Jul 26, 2008

Great expectations

Earnings expectations are a funny thing.

Imagine I told you you could earn a million dollars a month. The first time that million dollar check arrived you would feel jubilant.

Fast forward a year. Imagine I told you that you can expect to earn $800,000 a month from now on. Well, you're living a million-dollar-a-month lifestyle. The first time the smaller check arrived you would feel disappointed.

Do you start cutting back? Do you fire the charwoman and start filling your Bentley with mid-grade gasoline?

Fast forward a couple months and imagine your surprise when the check amount turns out to be a mere $750,000.

Do you panic? Do you sell the scrap gold? Is this (gulp) the end?

From the outside looking in, $750,000 still seems like a shitload of money - something most of us could get real comfortable living on. But expectations change the whole equation. Where I see three-quarters of a million dollars, Mr. Million and his debtors see a 25 percent loss.

All of which leads me to Alan Mutter's Friday posting about the likelihood of more newspaper jobs cuts. Mutter analyzes the recent earnings reports of six major publishers and finds that revenues are off by an average of 9.4 percent. Worse, operating profits are down an average of 25 percent. All of this despite sharp cost cutting at most of the papers, including cuts to the newsroom (which, some might argue, plays a role in dwindling profits).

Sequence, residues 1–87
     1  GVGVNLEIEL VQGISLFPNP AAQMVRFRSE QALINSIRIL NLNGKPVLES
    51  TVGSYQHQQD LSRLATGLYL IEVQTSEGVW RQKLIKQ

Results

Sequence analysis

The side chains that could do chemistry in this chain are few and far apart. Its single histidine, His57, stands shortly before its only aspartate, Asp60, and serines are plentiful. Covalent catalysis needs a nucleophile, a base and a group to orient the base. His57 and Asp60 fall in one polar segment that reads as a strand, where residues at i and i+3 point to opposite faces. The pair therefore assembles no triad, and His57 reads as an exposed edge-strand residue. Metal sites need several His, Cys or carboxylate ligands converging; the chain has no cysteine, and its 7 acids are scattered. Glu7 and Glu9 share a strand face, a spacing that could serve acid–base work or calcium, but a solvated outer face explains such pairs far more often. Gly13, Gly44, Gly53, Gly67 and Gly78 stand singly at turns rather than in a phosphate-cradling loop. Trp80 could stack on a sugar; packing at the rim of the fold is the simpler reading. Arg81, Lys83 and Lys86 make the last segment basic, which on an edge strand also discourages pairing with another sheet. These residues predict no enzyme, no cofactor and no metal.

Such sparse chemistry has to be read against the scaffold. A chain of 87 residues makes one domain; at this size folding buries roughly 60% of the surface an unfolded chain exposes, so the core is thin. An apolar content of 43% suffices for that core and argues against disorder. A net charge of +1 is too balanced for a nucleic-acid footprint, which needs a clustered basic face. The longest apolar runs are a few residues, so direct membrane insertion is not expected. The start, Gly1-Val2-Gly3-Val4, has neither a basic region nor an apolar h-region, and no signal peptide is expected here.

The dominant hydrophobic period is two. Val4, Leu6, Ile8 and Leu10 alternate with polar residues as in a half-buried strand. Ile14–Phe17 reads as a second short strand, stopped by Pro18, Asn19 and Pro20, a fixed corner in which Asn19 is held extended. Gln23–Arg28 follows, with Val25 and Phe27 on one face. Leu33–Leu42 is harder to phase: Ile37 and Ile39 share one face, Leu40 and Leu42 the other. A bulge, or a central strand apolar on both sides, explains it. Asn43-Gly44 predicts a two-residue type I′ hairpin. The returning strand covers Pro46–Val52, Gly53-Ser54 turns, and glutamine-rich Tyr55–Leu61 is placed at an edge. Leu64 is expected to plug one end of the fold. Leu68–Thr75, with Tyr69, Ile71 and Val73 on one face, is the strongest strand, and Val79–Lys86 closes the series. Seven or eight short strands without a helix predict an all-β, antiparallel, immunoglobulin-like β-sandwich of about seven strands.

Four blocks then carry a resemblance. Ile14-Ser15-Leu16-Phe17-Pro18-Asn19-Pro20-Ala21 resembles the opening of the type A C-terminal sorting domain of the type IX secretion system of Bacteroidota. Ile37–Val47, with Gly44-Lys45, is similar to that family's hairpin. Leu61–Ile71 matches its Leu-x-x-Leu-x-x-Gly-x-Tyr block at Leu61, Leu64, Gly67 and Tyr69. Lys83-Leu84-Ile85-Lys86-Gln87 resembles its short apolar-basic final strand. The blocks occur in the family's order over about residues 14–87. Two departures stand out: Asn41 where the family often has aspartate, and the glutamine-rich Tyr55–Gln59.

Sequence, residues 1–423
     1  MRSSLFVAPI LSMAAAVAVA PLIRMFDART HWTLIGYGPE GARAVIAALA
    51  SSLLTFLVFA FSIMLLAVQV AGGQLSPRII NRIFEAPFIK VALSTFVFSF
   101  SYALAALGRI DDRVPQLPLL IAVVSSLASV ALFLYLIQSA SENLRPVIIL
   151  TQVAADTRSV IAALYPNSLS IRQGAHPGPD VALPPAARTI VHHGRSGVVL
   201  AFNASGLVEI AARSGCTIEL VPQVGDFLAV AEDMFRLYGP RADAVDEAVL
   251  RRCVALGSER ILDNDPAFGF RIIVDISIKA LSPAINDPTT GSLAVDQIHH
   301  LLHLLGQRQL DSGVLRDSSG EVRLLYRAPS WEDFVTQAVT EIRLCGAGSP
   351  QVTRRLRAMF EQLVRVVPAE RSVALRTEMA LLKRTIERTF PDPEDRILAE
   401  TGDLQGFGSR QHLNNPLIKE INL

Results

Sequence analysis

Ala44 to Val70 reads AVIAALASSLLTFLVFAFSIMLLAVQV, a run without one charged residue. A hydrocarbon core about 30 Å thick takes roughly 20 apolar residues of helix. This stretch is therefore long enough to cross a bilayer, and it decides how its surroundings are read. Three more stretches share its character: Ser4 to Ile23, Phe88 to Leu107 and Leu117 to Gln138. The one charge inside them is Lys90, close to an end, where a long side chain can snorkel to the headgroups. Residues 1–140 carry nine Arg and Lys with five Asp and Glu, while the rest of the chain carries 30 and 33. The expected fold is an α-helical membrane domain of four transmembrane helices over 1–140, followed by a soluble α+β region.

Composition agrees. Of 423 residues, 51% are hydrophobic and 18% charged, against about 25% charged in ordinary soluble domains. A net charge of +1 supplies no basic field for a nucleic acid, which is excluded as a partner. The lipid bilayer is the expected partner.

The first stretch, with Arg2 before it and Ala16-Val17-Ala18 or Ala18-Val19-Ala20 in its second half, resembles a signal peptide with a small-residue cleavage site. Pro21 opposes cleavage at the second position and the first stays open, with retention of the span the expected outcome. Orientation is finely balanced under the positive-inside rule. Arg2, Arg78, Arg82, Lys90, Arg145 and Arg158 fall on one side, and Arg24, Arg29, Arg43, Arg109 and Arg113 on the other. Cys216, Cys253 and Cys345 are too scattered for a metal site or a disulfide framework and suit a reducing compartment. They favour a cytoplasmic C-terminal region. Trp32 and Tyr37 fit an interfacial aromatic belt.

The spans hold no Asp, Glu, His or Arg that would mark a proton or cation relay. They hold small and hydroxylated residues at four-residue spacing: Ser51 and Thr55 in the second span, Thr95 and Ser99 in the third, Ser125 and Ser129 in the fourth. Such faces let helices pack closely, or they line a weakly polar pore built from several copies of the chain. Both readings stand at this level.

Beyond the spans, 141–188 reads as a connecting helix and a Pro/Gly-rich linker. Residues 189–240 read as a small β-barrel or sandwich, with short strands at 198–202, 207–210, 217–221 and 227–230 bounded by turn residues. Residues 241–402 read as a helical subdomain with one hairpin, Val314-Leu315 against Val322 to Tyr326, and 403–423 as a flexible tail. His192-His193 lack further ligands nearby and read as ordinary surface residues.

However, Mutter also provides this important context regarding expectations:

When you look at the actual business of running newspapers, however, it is notable that the average operating profit among the six publishers is 18.5%, as measured by earnings before interest, taxes, depreciation and amortization (EBITDA). For all that ails the industry, this surpasses the EBITDA of such companies as Chevron (18.7%), Boeing (11.2%), Wal-Mart (7.7%) and Amazon.Com (6.0%).

If publishers, their shareholders and lenders were wiling to accept significantly lower levels of profitability in the future, then further cuts would not be necessary in staff, newshole, circulation and certain other variable expenses. If this were not the case, which it likely will not be, then more cuts would seem to be on the way.


Anonymous said...

There's a kind of method to the madness of investors. Rather, there's a madness to the method of investors. The most basic logic underpinning investment decisions is: How much will the corporation grow (revenues, profits, market share) in the next quarter or the next year?

It's not about the profitability of the business. It's how much the profits can grow consistently.

A business has to be more profitable this year than last year. Next year, it has to be more profitable than this year.

If it's not, the investors stop buying into the company and the value of the business plummets.

Gary, the article is correct in pointing out that newspapers enjoy robust profitability. The problem is, investors will not touch newspapers because they are not showing signs of growth.

Journalists should talk more with people on the business beat, or do some basic personal investing research. They'll get a better grasp of the crisis in media.

Journalists ponder what is the future of news, but it's not going to be the journalists who decide the future of journalism. It'll be the people in the finance office.

Gary Scott said...

No question the financial troubles facing newspapers are more complex than my thought experiment would imply. Indeed, I simply wanted to show how "still making a profit" can look completely different depending on where you sit.

It would be unfair to extrapolate from this one post that journalists generally are financially illiterate. Being frustrated isn't the same things as being ignorant.

Finally, it is quite true that journalists aren't the ones who should be trying to figure out how to make profits. However, it is just as true that the finance office shouldn't be trying to figure out the future of journalism.